passive solar architecture is nothing new. Socrates observed, more than 2400 years ago, that when a house is facing to the south, the sun’s rays penetrate through the windows of the house in the winter, giving heat to the inside, and shines right above the house in the summer, giving shade and cooling on the inside. At that time, this house probably lost heat as fast as it was collected, because of the convective and radiation losses. But the idea was there, which the Romans built upon, by using windows, covered with glass, to trap the solar energy. This caused the internal temperature to stay constant throughout the night.

Passive solar architecture has come a long way since the time of Socrates. Most passive solar homes have the same characteristics in each that make them more energy efficient than they were back then. In the Northern Hemisphere, the windows are facing south, and in the Southern Hemisphere, the windows face north, in order to get the most efficient use of the sun.

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Solar radiation passes through solar-oriented glass windows, or solar spaces, and is absorbed by surfaces of the materials inside the insulated envelope of the building. These heated surfaces will re-radiate energy into the interior of the house; the air temperature rises, but the heat does not get rerouted back outside, nor can it escape, resulting in trapped thermal energy.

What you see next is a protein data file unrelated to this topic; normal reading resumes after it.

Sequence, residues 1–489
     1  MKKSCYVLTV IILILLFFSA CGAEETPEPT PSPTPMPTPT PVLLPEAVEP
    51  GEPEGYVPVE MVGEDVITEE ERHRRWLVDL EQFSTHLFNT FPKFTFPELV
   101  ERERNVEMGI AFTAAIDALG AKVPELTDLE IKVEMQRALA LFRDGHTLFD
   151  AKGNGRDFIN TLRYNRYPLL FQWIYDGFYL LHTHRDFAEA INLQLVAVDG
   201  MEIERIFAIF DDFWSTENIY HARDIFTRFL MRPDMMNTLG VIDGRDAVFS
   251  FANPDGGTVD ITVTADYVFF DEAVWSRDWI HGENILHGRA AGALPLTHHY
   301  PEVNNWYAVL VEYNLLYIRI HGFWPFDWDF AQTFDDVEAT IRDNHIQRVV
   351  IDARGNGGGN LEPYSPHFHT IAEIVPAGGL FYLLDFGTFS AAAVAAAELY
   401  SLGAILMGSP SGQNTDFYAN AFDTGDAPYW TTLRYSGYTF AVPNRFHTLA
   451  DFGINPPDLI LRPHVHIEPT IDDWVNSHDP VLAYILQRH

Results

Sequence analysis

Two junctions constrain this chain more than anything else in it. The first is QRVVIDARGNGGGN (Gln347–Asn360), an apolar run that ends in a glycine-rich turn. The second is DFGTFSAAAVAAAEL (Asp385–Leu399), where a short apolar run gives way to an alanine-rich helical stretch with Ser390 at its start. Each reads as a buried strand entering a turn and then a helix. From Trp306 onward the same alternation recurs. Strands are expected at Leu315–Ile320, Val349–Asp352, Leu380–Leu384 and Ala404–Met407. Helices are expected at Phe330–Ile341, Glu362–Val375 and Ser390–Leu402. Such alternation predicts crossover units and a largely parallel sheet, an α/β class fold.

Light strikes the interior surfaces that are made from high density materials, such as concrete, brick, stone, or adobe. These materials can absorb energy and re-radiate it over time, which results in a very smooth temperature swing curve for the building and reduces the possibility of overheating the air in the house, or building. When a passive solar house is well-designed and well-insulated, air leakage rates are reduced and solar heat stays inside the building envelope. Open floor plans facilitate movement of the solar heat from the south side to the rest of the house. If a mechanical device is needed during extended cloudy periods, smaller, direct vented units or a woodstove work nicely.

There are two types of solar heat used in passive solar architecture design: Direct Gain and Indirect Gain. Direct gain is the simplest type as they rely on receiving solar heat directly from south facing windows, called solar windows. Some of this heat is used immediately, while the rest of the heat is stored in the walls, floors, ceilings, and furniture. This is then radiated through the house during the day, and into the night.

Performance and comfort levels will be increased if the thermal mass, such as concrete, concrete block, brick, or adobe is increased within the space. This is so that the thermal energy can be absorbed and spread out evenly. Recommended mass surface-to-glass area is 6:1. These surfaces should be covered with carpet, cork, wallboard, or any other materials with R-values greater than 0.5, to effectively insulate the mass from the solar energy being collected.